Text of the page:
Delivery driving in cities should be recognised as the dangerous job it is
What’s happening? Turkish firm Bizero is piloting delivery robots as a way of preventing delivery driver deaths. In Istanbul, 75 of the 103 motorcyclists who have died in accidents since February 2020 have been delivery drivers. Bizero’s robots are semi-autonomous, requiring a human to plot the route in advance. This means some drivers can take on roles controlling the robots, the firm said. (The Spoon)
The broader context – The coronavirus pandemic has caused a surge in demand for online orders. Delivery firms have experienced significant growth and are expanding beyond restaurants to serve businesses such as convenience stores.
A worrying global trend – Delivery worker deaths are a tragedy affecting multiple territories. Unions in South Korea, for example, are calling for change after the deaths of over a dozen delivery drivers due to overworking. Meanwhile, in New South Wales, Australia, a taskforce has been assembled to investigate the gig economy after five deaths were reported within just two months. Food delivery firm Hungry Panda failed to report the death of one of its riders to the state’s regulator, claiming it was unaware of its requirement to do so.
Limited workers’ rights – In New South Wales, dependents are entitled to $834,200 and weekly payments after a death in the workplace, however, this scheme is not available to independent contractors in the same way. For independent workers, it depends on the contracts and insurance supplied by the company.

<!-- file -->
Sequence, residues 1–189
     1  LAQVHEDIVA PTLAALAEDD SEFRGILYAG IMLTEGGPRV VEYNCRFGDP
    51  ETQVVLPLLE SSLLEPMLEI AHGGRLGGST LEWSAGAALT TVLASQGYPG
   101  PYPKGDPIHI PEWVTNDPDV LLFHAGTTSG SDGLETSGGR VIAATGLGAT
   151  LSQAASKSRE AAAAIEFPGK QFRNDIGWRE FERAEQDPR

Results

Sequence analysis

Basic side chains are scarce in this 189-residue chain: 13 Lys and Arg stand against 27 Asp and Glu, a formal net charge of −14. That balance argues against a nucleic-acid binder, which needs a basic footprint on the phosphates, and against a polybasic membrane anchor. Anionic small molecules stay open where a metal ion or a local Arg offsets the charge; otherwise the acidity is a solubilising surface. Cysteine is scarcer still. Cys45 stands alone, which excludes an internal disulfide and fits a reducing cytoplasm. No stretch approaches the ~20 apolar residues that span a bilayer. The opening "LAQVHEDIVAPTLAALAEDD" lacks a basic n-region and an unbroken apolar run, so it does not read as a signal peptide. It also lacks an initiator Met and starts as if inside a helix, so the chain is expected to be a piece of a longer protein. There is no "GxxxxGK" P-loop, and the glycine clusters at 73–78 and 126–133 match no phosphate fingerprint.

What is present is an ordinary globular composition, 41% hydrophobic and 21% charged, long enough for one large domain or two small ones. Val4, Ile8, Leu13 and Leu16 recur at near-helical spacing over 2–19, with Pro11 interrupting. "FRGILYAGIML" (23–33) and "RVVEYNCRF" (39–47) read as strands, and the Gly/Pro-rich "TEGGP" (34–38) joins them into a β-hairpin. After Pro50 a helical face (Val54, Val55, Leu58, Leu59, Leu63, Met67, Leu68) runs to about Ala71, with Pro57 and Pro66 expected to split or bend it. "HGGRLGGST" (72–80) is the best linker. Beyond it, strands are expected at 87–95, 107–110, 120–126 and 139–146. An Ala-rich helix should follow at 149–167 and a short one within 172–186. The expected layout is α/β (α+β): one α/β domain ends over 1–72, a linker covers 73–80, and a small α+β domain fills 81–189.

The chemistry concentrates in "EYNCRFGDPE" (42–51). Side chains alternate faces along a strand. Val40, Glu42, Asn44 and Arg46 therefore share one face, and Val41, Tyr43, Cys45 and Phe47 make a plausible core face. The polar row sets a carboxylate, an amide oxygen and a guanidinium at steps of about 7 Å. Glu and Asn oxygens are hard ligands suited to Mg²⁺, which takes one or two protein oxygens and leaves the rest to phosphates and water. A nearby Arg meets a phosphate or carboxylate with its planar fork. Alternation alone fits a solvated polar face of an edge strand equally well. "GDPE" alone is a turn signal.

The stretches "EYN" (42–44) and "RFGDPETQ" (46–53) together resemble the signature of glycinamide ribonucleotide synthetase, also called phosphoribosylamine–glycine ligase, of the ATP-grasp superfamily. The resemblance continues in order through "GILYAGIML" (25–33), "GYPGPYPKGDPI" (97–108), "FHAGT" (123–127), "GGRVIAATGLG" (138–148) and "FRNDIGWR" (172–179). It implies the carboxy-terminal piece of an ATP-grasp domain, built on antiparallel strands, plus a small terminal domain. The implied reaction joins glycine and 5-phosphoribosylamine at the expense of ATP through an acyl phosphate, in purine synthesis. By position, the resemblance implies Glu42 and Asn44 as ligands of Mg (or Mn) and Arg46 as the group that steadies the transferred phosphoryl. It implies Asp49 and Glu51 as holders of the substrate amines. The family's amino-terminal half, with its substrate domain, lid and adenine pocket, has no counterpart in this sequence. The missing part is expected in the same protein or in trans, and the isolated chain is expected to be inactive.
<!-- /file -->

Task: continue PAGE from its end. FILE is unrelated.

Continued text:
Improved worker rights are an ongoing battle within the gig economy. It has been argued that, by categorising delivery workers as independent contractors, companies are neglecting health and safety obligations. The absence of a minimum wage can also pressure riders to take risks to secure a living income.
Solution one: upskilling potential – Introducing delivery robots could be a solution for limiting the number of road accidents. It could, however, also spark concerns over job security. Bizero’s initiative is worth noting because humans are still required to program delivery routes, suggesting an opportunity for retraining. Elsewhere, food delivery firm Foodpanda is promoting upskilling by developing an e-portal in partnership with Gnowbe and Temasek Polytechnic.
Solution two: Smarter, greener cities – If societies are growing more dependent on delivery services, governments will have a responsibility to ensure working environments – especially inner cities – adapt to protect workers. Cycle lanes could be one solution with the increase in remote working potentially reducing traffic and making the prospect of re-allocating road space more realistic.
The development of AI technologies to enable smarter and more connected cities could also present a solution. AI-enabled traffic management systems such as NoTraffic can autonomously optimise traffic flow to prevent accidents while also reducing emissions, another harmful side-effect for delivery workers.